The European directory and local search operator Truvo has taken major steps toward consolidating around its flagship Belgian operation. On Dec. 22, Truvo “divested” its operation in Ireland, selling it to Contact Holdings, which operates Yellow Pages companies in the Baltic States. Terms of the transaction were not disclosed.
Truvo has also dramatically curtailed its senior management team, eliminating five positions, many held by longtime Truvo executives. The departed include CFO Marc Goegebuer, MD Belgium Martine Bayen, VP HR Peter Vandenheulen, VP Marketing Jose Lema and VP Operations Ramon Ferrer. CEO Donat Rétif will assume the role of MD Belgium while the other positions will be eliminated or absorbed by remaining staff, according to an announcement sent to investors on Dec. 23. The combination of selling Ireland and eliminating senior positions will save Truvo 6 million euros in costs, according to the statement.
Jon Martinsen is CEO of Contact Holding. He and Truvo CEO Donat Retif worked together at Herold Business Data in Austria when it was owned by GTE (later to become SuperMedia). Herold is now a unit of European Directories. Contact Holdings is apparently the new name for Interinfo Holdings, which operates directory companies in Estonia, Latvia and Lithuania. Interinfo is owned by the private-equity firm Balt Cap.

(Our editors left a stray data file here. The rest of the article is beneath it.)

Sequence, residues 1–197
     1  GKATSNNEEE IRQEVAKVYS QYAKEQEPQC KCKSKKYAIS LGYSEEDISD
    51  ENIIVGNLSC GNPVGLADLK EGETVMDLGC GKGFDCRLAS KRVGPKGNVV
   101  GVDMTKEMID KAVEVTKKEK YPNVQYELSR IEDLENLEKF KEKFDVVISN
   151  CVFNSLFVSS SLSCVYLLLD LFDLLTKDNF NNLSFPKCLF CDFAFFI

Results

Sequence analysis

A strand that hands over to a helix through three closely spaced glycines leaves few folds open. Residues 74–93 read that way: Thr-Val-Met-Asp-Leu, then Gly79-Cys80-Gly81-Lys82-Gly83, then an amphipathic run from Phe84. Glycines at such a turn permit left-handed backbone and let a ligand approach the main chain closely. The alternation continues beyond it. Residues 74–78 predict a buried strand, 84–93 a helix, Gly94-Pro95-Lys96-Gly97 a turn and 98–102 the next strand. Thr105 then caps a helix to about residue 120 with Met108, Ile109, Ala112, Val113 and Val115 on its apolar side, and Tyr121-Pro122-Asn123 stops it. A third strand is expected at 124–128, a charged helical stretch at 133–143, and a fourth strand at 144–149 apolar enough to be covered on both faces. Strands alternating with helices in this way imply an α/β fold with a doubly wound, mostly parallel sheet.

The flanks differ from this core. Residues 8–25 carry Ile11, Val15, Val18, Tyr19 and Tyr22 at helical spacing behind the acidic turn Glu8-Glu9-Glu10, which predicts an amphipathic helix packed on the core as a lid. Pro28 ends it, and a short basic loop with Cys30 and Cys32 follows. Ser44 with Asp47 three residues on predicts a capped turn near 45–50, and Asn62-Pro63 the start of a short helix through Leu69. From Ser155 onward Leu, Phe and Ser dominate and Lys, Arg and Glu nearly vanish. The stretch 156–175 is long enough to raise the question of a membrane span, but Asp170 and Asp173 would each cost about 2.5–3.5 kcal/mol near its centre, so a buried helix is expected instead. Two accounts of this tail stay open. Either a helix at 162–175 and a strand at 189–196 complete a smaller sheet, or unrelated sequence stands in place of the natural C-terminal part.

Truvo’s Irish operation, which uses the brand Golden Pages, was battered by a combination of a brutal Irish economy and a heavy exposure to one large metro market, Dublin. The last full-year figures for Truvo Ireland were in 2009, before a recapitalization removed Truvo’s obligation to report its results publicly. Truvo Ireland finished 2009 with revenues of 54 million euros, a 26 percent decline from the year before. Assuming similar declines over the past two years, the business would end this year in the 34 million euro range. David McGuffy was MD of Truvo Ireland. It is unclear if he will remain with the unit under its new ownership.
Truvo (then World Directories) was initially a minority owner of the Irish directory operation. It acquired the remaining 63 percent of the Irish business from Eircom back in 2002 for US$186 million (at the 2002 exchange rate), which was roughly an 11X multiple on EBITDA.
Rétif makes clear in the statement that Truvo sees its future tied largely to the fortunes of its Belgian operation. The fate of Portugal, Truvo’s remaining non-Belgian operation, is uncertain, but it’s logical to assume Truvo may be seeking a buyer. Truvo is also a minority owner of Trudon, the South African directory and local search provider.